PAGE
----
Introducing my friends and fellow (or should that be sister?) authors of Honno – The longest-standing independent women’s press in the UK – who will be at the Honno Book Fair on the 7th May 2022 , 10.00am until 4.00pm, at the Queens Hall, Narberth, Pembrokeshire.
If you’re in the area,we’d be thrilled if you popped in to say hello.
Over the next few weeks I’ll be introducing each author. I’ll also be showcasing Honno.
Today, I’m really pleased to be joined by Crystal Jeans.
Hi and welcome, Crystal. Good to see you here today.
It’s good to be with you, Judith
Tell us, please, how many books have you written, and which is your favourite?
I’ve written four books and though my latest, The Inverts, is my favourite, I have a special place in my heart for The Vegetarian Tigers of Paradise, as it was my first.
How did you come up with the title for your book?
Someone else did actually – Catherine Merriman, a fellow Honno author, suggested it. She was my teacher at the time and she lifted it out of the text. It was in reference to an illustration from my Children’s Book of Bible Stories – it showed tigers and lambs and people frollocking in paradise (I grew up a Jehovah’s Witness). I’d wondered if the tigers were vegetarian in paradise.
What part of the book did you have the hardest time writing? Or what was your hardest scene to write, and why?
No particular part was difficult. Overall, it was hard trying to splice together what was essentially a collection of personal essays into a novel. Emotionally, it was hard writing about my mother as I wasn’t on speaking terms with her at the time. But I got to flex my magnanimity muscle, which made me feel very noble (we’re fine now). I also struggled with fictionalising it. Looking back, I could have gone further. I was too close to it.
If you’re planning a sequel, can you tantalize us with a snippet of your plans for it? If not, your plans for your next book?
I’m not writing a sequel but I would like to return to creative non-fiction one day. I thought I’d scratched that itch with The Vegetarian Tigers of Paradise but apparently not. I’d like to write very honest essays about sex. I will never write about my family again. I felt awful when VToP came out – my mother loved it but she was very anxious about how she might be perceived and I felt bad for her. Guilty. Right now I’m working on a historical fiction novel. It’s too early for me to talk about.
At what point did you think of yourself as a writer?
When I started writing my first novel at age 21. It was terrible by the way.
Have you ever considered writing under a pseudonym, and why or why not?
No. I love my name. And it already sounds made-up.
What do the words “writer’s block” mean to you?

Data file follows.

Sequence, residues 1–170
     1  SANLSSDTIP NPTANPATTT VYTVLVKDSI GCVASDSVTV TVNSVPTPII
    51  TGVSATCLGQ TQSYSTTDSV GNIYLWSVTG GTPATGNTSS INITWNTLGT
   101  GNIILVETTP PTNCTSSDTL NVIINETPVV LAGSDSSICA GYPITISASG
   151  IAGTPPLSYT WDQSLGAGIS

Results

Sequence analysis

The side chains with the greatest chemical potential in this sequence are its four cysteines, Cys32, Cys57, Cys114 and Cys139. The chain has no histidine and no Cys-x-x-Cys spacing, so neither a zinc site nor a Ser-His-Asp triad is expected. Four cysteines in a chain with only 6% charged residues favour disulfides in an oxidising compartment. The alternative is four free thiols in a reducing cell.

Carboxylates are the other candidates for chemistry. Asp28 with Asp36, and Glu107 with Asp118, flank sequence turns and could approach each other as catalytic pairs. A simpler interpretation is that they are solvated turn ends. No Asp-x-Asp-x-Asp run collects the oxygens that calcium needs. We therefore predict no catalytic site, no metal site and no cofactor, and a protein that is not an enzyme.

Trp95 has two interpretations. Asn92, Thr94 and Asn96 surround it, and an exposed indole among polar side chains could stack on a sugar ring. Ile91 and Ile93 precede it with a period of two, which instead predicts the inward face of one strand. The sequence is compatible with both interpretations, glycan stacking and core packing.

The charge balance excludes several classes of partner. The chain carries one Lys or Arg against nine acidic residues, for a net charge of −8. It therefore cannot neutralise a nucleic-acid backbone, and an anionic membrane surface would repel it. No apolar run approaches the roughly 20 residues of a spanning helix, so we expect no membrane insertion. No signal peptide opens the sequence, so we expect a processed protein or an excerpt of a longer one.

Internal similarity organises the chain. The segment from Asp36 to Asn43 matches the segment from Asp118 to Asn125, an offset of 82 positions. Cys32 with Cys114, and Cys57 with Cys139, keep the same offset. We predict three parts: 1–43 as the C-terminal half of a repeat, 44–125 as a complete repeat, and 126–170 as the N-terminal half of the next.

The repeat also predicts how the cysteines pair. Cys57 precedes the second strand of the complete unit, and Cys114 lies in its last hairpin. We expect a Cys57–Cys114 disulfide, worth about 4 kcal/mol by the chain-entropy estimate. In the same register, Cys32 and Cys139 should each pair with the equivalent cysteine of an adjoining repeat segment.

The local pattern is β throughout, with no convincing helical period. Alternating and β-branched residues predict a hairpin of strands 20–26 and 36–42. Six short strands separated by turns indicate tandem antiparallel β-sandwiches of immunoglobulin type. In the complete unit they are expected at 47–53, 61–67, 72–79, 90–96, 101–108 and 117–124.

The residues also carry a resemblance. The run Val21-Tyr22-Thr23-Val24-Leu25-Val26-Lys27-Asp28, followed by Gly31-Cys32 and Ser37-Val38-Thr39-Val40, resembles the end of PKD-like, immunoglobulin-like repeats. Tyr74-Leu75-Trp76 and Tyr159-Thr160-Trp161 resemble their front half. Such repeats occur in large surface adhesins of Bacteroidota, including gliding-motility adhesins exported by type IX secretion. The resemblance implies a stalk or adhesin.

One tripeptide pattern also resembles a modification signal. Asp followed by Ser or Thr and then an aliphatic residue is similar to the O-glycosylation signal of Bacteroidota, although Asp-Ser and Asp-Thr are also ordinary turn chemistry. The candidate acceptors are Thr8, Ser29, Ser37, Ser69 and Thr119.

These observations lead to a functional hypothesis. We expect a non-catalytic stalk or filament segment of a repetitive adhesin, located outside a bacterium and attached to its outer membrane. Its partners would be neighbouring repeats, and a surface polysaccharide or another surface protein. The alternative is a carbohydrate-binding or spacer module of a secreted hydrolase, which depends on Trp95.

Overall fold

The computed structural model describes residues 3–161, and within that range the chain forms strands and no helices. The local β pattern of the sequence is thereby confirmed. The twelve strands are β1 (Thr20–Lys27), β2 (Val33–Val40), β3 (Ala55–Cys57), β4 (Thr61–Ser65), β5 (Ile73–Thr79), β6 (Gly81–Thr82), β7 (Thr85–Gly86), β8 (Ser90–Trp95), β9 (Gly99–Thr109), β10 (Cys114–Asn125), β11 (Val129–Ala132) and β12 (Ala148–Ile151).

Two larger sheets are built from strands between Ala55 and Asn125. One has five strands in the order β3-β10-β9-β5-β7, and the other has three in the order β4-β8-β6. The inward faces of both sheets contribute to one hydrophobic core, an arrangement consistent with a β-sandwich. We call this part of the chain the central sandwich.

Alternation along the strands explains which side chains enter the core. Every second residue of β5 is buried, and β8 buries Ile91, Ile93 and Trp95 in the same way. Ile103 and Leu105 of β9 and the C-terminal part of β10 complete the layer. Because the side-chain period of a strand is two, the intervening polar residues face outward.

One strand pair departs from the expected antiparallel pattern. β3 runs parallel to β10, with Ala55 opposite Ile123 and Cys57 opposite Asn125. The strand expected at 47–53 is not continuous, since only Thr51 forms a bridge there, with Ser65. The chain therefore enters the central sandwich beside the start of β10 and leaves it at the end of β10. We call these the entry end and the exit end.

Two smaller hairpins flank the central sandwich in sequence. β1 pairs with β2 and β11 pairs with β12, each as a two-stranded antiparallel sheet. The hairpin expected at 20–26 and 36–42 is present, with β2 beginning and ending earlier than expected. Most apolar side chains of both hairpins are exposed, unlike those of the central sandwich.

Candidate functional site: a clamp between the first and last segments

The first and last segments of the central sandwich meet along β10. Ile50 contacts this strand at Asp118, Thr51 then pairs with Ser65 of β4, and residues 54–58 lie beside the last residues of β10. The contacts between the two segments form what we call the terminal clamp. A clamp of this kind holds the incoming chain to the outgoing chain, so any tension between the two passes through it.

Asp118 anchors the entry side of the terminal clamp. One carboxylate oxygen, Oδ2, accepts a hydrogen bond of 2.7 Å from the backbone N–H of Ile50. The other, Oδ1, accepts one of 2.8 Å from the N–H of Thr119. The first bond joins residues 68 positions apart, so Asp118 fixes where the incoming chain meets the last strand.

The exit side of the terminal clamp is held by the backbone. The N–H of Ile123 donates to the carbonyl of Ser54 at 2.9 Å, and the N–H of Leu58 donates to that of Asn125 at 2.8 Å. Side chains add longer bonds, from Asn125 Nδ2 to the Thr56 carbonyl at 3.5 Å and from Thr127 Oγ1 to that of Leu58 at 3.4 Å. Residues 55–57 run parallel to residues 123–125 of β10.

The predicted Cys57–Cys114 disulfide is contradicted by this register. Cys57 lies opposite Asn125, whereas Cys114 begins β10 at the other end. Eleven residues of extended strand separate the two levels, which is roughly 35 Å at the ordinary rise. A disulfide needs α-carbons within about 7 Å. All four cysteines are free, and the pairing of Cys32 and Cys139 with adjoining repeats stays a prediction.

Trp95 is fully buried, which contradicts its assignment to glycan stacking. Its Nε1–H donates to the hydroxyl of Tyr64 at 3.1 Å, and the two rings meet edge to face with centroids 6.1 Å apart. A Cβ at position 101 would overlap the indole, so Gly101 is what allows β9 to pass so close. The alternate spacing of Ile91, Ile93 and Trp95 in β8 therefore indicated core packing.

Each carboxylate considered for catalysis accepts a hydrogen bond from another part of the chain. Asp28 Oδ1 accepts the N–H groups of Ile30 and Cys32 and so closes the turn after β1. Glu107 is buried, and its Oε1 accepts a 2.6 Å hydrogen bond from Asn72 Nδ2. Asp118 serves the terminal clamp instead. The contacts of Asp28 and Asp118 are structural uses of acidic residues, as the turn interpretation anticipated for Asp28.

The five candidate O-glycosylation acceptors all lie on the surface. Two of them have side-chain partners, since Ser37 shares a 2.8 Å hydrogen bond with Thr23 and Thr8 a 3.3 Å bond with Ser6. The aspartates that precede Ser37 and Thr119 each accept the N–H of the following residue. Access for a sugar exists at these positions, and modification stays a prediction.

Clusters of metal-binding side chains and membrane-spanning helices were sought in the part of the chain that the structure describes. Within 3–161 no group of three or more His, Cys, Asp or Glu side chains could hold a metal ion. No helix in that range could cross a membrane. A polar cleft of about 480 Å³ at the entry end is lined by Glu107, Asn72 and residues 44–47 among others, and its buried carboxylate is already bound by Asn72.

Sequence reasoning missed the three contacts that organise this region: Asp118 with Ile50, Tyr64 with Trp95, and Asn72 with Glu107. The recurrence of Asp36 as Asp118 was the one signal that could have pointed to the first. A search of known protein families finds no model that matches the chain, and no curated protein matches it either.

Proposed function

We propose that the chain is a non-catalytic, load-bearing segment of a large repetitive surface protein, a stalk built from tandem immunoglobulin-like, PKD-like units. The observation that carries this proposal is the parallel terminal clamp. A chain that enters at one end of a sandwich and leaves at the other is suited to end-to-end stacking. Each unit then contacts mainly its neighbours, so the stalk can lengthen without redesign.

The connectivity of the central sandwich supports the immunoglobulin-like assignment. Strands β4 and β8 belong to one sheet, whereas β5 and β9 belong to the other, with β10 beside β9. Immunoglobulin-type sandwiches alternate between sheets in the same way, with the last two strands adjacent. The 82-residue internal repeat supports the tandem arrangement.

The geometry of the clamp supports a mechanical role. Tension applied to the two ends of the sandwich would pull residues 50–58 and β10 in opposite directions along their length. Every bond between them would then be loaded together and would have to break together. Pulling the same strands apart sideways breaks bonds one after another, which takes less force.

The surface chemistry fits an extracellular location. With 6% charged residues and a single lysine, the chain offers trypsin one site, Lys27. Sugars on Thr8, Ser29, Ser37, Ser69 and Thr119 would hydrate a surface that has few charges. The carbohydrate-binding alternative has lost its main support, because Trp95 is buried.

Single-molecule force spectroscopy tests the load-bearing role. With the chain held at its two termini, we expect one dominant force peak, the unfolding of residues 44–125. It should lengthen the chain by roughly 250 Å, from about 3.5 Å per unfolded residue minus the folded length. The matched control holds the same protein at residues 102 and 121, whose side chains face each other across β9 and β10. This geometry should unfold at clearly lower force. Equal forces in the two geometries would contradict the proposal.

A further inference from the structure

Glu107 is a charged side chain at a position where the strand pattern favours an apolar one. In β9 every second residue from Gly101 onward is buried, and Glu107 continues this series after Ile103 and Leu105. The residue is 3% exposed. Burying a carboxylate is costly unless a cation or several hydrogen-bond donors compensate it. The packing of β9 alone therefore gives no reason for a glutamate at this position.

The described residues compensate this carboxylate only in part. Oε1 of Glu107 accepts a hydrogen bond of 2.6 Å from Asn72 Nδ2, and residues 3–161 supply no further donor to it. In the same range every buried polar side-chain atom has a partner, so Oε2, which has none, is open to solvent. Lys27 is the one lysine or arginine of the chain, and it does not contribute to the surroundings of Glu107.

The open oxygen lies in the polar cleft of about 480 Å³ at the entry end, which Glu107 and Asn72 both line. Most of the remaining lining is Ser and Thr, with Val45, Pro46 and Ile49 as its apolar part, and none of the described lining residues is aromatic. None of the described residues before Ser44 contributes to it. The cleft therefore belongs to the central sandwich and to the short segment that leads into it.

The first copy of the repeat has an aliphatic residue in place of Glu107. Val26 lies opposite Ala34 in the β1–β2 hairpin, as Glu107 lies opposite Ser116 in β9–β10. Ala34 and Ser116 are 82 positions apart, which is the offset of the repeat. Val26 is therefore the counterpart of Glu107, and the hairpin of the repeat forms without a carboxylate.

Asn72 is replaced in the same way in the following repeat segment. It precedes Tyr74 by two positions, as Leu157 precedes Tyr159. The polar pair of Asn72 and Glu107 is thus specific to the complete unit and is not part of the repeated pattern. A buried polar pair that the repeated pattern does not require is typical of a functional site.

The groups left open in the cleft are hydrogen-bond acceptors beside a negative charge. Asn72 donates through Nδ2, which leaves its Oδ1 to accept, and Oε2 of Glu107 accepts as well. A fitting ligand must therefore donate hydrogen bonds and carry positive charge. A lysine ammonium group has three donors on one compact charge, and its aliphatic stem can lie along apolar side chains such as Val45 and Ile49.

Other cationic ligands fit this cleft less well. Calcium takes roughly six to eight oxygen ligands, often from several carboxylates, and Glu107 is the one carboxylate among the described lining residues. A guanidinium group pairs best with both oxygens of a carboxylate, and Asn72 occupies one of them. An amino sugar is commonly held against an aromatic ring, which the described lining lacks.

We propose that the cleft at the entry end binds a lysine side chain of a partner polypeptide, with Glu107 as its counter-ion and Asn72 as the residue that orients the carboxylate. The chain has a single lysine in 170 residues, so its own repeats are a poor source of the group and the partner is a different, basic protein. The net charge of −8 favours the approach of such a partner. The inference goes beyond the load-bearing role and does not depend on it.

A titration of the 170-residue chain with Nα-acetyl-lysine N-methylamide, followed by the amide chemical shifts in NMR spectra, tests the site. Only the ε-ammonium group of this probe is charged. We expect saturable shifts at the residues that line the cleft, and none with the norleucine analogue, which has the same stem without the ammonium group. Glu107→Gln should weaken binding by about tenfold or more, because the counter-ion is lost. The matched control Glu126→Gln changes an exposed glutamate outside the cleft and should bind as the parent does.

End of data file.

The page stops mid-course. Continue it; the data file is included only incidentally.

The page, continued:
Hell. I’ve only had writer’s block once, when I was pregnant. I watched a lot of TV and felt very empty.
What do you need in your writing space to help you stay focused?
Tea and nicotine. Radio 2 played on low. And a walking treadmill or a knee stool. Sitting at a desk for years has ruined my back.
Are there therapeutic benefits to modelling a character after someone you know?
Yes. Writing about my mother made me really think hard about how she might have felt at certain points of her life, like when she lost her own mother at 14. As I said, we weren’t speaking at the time, and part of the reason I ended up wanting to make up with her was the empathy I felt recounting (fictionalised) parts of her life.
What is the most difficult part of your writing process?
The first draft. I absolutely love the editing process though. It’s like a fun puzzle and I could do it all day.
How do you use social media as an author?
I don’t. I’m beyond crap at using social media to promote my work. I don’t have a lot of time for it, or enthusiasm. I don’t really understand how Twitter works – am I supposed to add anyone who adds me? I personally have never bought a book because I’ve seen an author’s Twitter feed. I buy books through word-of-mouth. My agent tells me that it does make a difference for some authors – those who seem like they actually enjoy it. I think if I was in my teens/early twenties when my books came out, I would have been brilliant at social media book promotion because I was such a flaming narcissist and attention seeker back then. Now, the prospect fills me with dread and low-level anxiety.
Why did you choose Honno as a publisher?
Honestly? None of the big London publishers would accept unsolicited manuscripts, I couldn’t get an agent, so I tried the Welsh indies, who did accept unsolicited MMS. Honno turned out to be a great fit though and I have nothing but praise for Caroline, my editor.
Crystal Jeans has had three books published by Honno – The Vegetarian Tigers of Paradise, which was shortlisted for the Polari Prize, Light Switches are my Kryptonite, which won Wales Book of the Year in the English language for fiction, and The Homeless Heartthrob, a collection of short stories. The Inverts was published by Borough Press in 2021. She lives in Pontypridd with her wife and two children.
My twitter – @crystaljeans1